Clean Internet Act

An Act to prevent the use of the Internet to distribute material that advocates, promotes or incites racial hatred, violence against women or child pornography

This bill was last introduced in the 37th Parliament, 1st Session, which ended in September 2002.


Peter Stoffer  NDP

Introduced as a private member’s bill. (These don’t often become law.)


Not active, as of Feb. 5, 2001
(This bill did not become law.)


All sorts of information on this bill is available at LEGISinfo, provided by the Library of Parliament. You can also read the full text of the bill.

Criminal Law Amendment Act, 2001Government Orders

September 20th, 2001 / 3:15 p.m.
See context


Peter Stoffer NDP Sackville—Musquodoboit Valley—Eastern Shore, NS

Mr. Speaker, I knows this goes in Hansard so I hope not too many people read it. It is not often that I agree with my Alliance colleagues but on the issue of whether the bill is about animals or children I agree with the hon. member. He says the issues should have been talked about in separate bills. He is absolutely correct. We New Democrats say the same.

A former colleague of ours, the hon. Chris Axworthy who is now the Saskatchewan justice minister, introduced a bill in the House many years ago to protect children from Internet pornography. Another former colleague of ours, Mr. Gordon Earle, introduced an even broader bill. Bill C-210 would have expanded that protection to material which advocated, promoted or incited racial hatred and violence against women or other minorities.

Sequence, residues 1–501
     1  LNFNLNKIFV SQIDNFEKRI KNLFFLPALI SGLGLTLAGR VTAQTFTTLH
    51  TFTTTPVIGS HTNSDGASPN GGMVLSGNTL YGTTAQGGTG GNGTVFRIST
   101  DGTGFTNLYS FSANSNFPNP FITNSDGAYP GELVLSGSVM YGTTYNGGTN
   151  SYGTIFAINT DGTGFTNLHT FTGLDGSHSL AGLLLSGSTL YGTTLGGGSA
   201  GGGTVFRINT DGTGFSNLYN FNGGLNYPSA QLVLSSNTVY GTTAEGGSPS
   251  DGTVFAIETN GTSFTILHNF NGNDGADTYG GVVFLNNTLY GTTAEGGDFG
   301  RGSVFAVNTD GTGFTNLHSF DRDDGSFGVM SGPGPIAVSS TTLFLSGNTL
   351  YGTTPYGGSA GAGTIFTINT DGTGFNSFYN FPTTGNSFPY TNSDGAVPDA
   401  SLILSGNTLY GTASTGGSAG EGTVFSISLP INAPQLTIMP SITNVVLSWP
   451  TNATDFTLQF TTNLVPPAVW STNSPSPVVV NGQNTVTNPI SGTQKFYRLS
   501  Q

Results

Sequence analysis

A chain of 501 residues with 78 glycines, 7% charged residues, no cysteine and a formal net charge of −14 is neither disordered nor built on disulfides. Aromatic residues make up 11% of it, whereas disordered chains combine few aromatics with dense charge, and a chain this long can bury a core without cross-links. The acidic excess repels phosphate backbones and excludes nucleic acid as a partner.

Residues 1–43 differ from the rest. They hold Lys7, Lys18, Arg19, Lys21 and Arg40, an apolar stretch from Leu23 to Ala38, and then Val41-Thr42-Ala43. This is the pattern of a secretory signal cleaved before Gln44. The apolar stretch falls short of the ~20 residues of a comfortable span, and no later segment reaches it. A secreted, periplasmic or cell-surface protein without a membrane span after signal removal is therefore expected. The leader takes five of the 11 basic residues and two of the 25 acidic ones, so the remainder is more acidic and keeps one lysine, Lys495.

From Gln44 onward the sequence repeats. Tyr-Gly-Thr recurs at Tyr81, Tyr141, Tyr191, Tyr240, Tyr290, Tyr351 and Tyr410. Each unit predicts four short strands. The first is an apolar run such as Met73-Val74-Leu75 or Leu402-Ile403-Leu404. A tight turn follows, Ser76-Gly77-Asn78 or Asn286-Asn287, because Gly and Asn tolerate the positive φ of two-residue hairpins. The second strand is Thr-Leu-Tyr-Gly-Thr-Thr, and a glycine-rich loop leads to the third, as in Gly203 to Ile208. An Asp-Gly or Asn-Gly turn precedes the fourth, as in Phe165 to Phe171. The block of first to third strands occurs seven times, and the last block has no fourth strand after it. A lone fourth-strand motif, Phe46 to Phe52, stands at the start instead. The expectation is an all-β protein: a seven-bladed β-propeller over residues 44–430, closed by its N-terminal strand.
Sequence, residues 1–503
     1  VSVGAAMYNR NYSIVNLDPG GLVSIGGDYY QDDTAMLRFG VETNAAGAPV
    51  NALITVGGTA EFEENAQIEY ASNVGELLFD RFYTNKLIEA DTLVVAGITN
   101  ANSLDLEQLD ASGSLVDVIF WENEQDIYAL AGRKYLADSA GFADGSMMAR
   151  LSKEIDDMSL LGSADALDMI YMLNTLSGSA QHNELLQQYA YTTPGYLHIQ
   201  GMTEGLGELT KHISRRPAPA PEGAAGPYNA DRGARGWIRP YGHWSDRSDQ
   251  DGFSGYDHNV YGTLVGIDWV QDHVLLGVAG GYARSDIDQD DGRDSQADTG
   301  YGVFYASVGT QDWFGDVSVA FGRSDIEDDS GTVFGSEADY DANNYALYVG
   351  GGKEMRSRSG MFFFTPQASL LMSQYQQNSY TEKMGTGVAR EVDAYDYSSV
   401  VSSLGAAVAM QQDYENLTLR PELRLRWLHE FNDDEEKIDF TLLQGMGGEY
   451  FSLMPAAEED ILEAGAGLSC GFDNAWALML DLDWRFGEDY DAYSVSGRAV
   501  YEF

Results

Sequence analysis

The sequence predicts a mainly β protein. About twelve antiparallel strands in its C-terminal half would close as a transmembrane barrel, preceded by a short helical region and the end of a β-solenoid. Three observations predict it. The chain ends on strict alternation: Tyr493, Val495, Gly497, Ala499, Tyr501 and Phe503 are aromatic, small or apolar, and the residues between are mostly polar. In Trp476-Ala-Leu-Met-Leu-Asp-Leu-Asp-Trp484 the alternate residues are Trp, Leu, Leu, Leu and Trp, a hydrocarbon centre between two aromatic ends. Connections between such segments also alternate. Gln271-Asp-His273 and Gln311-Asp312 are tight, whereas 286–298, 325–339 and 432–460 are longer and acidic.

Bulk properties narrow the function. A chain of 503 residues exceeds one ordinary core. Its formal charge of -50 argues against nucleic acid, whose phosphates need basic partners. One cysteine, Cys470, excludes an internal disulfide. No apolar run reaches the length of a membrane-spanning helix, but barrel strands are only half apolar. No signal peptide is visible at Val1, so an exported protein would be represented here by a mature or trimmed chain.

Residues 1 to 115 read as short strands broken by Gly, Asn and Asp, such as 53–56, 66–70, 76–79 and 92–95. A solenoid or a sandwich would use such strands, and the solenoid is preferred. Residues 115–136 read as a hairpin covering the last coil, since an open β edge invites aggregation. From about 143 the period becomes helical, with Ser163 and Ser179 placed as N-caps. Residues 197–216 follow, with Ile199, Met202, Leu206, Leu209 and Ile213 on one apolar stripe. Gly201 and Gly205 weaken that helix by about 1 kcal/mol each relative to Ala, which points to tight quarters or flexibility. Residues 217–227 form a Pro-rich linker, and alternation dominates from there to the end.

I will pick up on what the previous member was saying about whether the current bill is about animals or children. Many Canadians are confused about this. If the House were at all mature or responsible it would never in its wildest dreams have combined the two issues.

When it comes to cruelty to animals there are many debates about that topic alone. It is of concern to farmers, hunters, aboriginal communities and people in urban centres. When it comes to the issue of child pornography the mere act of discussing it on the Internet incites debate throughout the country.